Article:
, so that no State may impose unrea- other things were equal. The southern country also is dasonable tolls, or speculate on any other. What better plan turally more advantageous for common roads, though less for repairing the road can any gentleman devise or desire ? so for making well improved ones ; and thus, while the And why might it not be adopted at once, and thus pre- western route labors under great disadvantages at present, vent all future controversies on this part of the subject ? and would, of course, be proportionally benefited, it preThis Government would have the use of the road, toll sents greater facilities for making a first rate road. The free ; and wbat more could it desire ?
western route would afford greater accommodatious, more One of my honorable colleagues, [Mr. ISACKS) for whom oper, op account of the great land carriage of merchanI have much respect, seems to "halt between two opi- dise, which has long existed and must continue, from the nions," and while he contends most mapfully for the power cities north of this place, along that route as far as Alaof this Government to make roads, nevertheless admits bama. If this road were made south of the Blue Ridge,
APRIL 13, 1830.]
Buffalo and New Orleans Road.
[H. or R.
it bas not been pretended that it would be used for such a suit the faucy or purposes of that gentleman thus unjustly purpose, as merchavdise would continue to pass coastwise, to tear laurels from the brows of brave men; but I am by water, to the southern ports, and thence, by rivers and unwilling to tarnish the reputation of even an enemy, by roads, into the interior. But it has been said i hat the road such a ridiculous and wanton error. It is matter of higwould answer well in the South, for carrying surplus pro- tory, notorious to the very schoolboys of the country, that ductions to the navigable rivers. If such neighborhood Commodore Patterson spiked those very cappon, when he dationality is to be regarded in this case, it would answer was compelled to abandon lis position; and yet be is to be a similar purpose on the western route, perhaps to a greater charged with the bigh criminality of neglecting his duty to extent. The western route would be fairly commercial, do so, and the British colonel with the gross blunder of from this vicinity to Alabama; but no southern route not turning one of them on his adversary, and the would be so regarded.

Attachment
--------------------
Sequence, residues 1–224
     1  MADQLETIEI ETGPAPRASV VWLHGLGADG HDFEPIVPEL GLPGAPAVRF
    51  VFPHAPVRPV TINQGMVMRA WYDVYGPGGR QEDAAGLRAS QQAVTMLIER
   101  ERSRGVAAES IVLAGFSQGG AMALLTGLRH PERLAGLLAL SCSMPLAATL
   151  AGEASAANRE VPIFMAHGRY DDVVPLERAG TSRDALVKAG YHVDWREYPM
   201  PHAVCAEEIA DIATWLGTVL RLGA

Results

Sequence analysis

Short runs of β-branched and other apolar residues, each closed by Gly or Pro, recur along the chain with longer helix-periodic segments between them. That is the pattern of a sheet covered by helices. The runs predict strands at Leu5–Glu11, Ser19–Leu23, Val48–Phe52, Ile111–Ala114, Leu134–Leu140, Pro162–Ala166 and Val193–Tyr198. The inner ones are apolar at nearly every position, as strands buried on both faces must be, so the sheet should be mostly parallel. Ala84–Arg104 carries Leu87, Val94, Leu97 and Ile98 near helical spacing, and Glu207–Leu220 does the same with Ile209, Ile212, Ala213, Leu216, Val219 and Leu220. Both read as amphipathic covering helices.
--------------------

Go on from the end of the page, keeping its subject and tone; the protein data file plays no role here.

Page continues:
countervailiug measures of the American commander-inFor military purposes, I cannot see that a southern chief are to be forgotten. Even if that gentleman bas such route would afford any very valuable facility. The natural a desire, he need not expect thus to extinguish or darken course for supplies of troops and provisions is from the the glories of that day. upper country to the seaboard, and not parallel with it, at If the comparison of routes, which others bave made a very respectful distance in the interior. That chivalry more at large, and I have briefly presented, be not very which really belongs to the South, would not, I am per- erroneous, (and I think it will puzzle gentlemen to show suaded, recognise this as a military road, which would not that it is so in any particular,) then the inference is easy, lead towards the enemy. But how would the westeru that the western route is preferable to any southern route,
route be is a military point of view From the Tennessee on all the three great points of commerce, war, and the ! line, upper Virginia might send down supplies of troops mail.
and provisions, inferior to none, even to this place, or to I have given you some of my views on the best mode ļothers more south, by obliquing in that direction from va- and the best route for making this road, and it remains to
rious points. Southwest from the same Tennessee line, inquire whether it ought to be made in any way, | the road would lead directly to that part of the Union There are two aspects of this part of the subject. In I most exposed and most needing assistance ; and this is the one, the particular measure may be looked to as a
true of any branch which may be selected, of the westeru means for promoting the efficient action of this Goveroi route. But it bas been said that our rivers supersede the ment in its own legitimate operations. In the other, it i necessity of this part of the road. It cannot be denied may be regarded as part of a system of raising and dis! that they do, to some extent; and that our rivers must al. bursing money.